The industry is fighting against the proposed plain packaging legislation in Australia taking its battle to the high court and have been giving evidence over the last three days as analysts say tobacco groups are fearful that many other governments are looking to Australia as a test case.

Australia has some of the toughest anti-smoking rules in the world banning tobacco advertising, smoking in public places and the public display of cigarettes in shops, while in some states it is illegal to smoke in a car with children present.

Under these tough Australian rules only around 15 percent of adults smoke compared with 23 percent a decade ago, while in Britain the current figure is around 22 percent, analysts said.

The British market is in slow decline like many other mature ones but Britons still smoke around 56 billion cigarettes a year, which the government says is responsible for over 100,000 deaths a year and puts pressure on the public health system.

This is why Health Secretary Andrew Lansley announced his consultation process to run for 12 weeks up to July 10, and Lansley has insisted that he is keeping an open mind.
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Postby greeney2 » Fri Apr 20, 2012 11:00 pm

Rath, what are the current smoking laws in Austrailia? OUr is warnings on the cigareete packages, no television adds for smoking, and almost every state has no smoking justs about everyplace, work place, restraunts, public places are all smoke free. 2nd hand smoke is a huge issue. Do you have those laws in Austrailia too?

Even at my work, for years you could smoke, than they changed it and you had to go outside, than they changed that, and you could not smoke on the property, you had to leave the entire plant, go out to the city sidewalk and smoke.

I am a none smoker, so I'm in favor of all these laws personally. Being near cigareete smoke does bother me.
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Postby rath » Sun Apr 22, 2012 12:48 am

rath wrote:Apr 19, 2012 11:27am EDT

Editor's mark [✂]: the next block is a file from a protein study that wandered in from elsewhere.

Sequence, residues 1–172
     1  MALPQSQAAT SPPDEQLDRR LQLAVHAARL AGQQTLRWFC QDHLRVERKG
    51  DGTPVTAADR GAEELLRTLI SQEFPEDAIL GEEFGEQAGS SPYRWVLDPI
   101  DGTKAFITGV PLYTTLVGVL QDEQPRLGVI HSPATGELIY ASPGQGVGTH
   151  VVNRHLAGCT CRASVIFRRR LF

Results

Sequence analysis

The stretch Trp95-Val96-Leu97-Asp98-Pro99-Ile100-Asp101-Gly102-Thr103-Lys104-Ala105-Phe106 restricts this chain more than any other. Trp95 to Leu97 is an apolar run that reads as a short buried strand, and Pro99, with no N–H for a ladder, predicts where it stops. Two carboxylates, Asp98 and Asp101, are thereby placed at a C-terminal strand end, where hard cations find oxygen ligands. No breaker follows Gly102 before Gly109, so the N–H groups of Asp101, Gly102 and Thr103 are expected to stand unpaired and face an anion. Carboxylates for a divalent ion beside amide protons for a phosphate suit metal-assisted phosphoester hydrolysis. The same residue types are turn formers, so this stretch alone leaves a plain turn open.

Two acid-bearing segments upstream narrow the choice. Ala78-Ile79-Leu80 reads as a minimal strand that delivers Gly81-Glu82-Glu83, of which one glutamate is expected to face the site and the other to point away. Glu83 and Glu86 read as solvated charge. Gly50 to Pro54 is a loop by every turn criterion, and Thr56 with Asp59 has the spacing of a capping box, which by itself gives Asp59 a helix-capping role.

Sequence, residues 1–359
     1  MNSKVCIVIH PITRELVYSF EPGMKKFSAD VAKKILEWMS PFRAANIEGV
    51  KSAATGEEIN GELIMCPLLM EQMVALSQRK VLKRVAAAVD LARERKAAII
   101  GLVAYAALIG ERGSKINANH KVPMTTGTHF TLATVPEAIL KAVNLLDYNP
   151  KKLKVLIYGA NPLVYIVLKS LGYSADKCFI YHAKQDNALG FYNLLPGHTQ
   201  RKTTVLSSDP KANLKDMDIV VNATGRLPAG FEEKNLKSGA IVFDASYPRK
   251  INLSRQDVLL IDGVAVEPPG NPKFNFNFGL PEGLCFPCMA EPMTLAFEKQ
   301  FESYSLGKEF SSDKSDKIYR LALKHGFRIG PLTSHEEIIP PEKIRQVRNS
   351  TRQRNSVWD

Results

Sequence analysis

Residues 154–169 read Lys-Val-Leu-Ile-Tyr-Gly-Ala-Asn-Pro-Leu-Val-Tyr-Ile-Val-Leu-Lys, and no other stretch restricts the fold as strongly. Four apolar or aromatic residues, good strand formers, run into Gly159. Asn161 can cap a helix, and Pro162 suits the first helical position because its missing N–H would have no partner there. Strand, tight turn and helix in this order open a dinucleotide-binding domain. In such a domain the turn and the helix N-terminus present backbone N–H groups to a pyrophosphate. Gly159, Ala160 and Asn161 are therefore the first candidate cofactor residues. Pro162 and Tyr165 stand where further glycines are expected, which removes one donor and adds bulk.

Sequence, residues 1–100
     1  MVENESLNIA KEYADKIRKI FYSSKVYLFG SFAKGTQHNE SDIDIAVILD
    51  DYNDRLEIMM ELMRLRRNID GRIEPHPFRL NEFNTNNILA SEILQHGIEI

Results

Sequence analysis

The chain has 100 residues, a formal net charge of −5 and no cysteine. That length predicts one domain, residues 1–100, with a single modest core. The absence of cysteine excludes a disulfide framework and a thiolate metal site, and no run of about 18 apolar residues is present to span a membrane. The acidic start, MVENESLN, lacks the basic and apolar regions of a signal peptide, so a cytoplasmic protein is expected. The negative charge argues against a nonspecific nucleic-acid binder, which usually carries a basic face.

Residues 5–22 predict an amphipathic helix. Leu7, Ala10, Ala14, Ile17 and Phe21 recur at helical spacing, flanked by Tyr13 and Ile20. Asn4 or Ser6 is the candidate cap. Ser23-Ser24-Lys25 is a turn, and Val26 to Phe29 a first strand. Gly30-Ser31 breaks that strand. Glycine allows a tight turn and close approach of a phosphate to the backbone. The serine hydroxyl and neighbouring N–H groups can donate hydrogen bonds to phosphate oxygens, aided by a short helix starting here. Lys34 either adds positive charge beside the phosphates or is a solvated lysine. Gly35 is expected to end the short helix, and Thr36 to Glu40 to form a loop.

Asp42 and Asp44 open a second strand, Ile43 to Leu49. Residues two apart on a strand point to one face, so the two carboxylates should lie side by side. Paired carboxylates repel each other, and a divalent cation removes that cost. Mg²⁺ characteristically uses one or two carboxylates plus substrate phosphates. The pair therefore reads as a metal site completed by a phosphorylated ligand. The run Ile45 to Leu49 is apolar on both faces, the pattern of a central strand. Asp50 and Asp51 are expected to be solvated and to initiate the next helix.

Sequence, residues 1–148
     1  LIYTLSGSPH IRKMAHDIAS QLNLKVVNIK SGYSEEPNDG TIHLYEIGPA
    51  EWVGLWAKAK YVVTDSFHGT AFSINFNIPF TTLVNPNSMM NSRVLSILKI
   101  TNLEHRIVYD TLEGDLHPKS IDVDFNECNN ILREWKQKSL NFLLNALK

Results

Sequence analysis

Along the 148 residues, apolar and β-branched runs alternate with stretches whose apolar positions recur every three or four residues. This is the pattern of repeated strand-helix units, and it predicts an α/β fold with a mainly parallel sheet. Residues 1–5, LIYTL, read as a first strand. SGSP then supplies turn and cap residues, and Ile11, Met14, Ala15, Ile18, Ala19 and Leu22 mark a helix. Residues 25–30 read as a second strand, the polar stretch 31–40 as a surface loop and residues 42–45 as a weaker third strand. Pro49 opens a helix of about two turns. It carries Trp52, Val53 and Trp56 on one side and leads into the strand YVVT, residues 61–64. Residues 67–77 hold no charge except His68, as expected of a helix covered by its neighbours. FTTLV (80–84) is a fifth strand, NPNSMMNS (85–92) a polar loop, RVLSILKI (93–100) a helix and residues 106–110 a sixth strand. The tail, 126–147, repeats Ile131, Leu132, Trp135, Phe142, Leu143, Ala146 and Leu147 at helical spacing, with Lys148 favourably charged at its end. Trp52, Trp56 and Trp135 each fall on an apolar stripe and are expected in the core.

(Reuters) - Australia has some of the toughest anti-smoking rules in the world banning (all forms) of tobacco advertising, smoking in public places and the public display of cigarettes in shops, while in some states it is illegal to smoke in a car with children present.

Under these tough Australian rules only around 15 percent of adults smoke compared with 23 percent a decade ago, while in Britain the current figure is around 22 percent, analysts said.


Greeney2.

Do you remember the publicity & outcry when the Australian anti smoking adds appeared on U.S & Canadian television a few years back.

topic3791.html
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Postby greeney2 » Sun Apr 22, 2012 9:49 am

Don't remember reading that, but glad you do. I remember 25 years ago, they had none smoking sections in restuarants, and we go sat right next to the smoking section, which a guy smoke a big cigar a few feet away. Not just us complained, and the guy was just brazen and rude, like it was his right, no matter how many people were affected We were at a very nice Crape restraunt.
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Postby rath » Tue Apr 24, 2012 8:58 pm

greeney2 wrote:Don't remember reading that, but glad you do. I remember 25 years ago, they had none smoking sections in restuarants, and we go sat right next to the smoking section, which a guy smoke a big cigar a few feet away. Not just us complained, and the guy was just brazen and rude, like it was his right, no matter how many people were affected We were at a very nice Crape restraunt.



yhe same, im a none smoker & im loving the tougher laws.

why should i be forced to pay for healthcare (Tax) to treat smoking related cancers in somebody whose choice it was to smoke.
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Postby ricardo » Tue Apr 24, 2012 9:29 pm

I agree w/ an group that believe we should switch to an non combustible

delivery system . packaging designed to level the playing field ?
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Postby rath » Tue Apr 24, 2012 9:55 pm

Tobacco companies deserve not one bit of sympathy.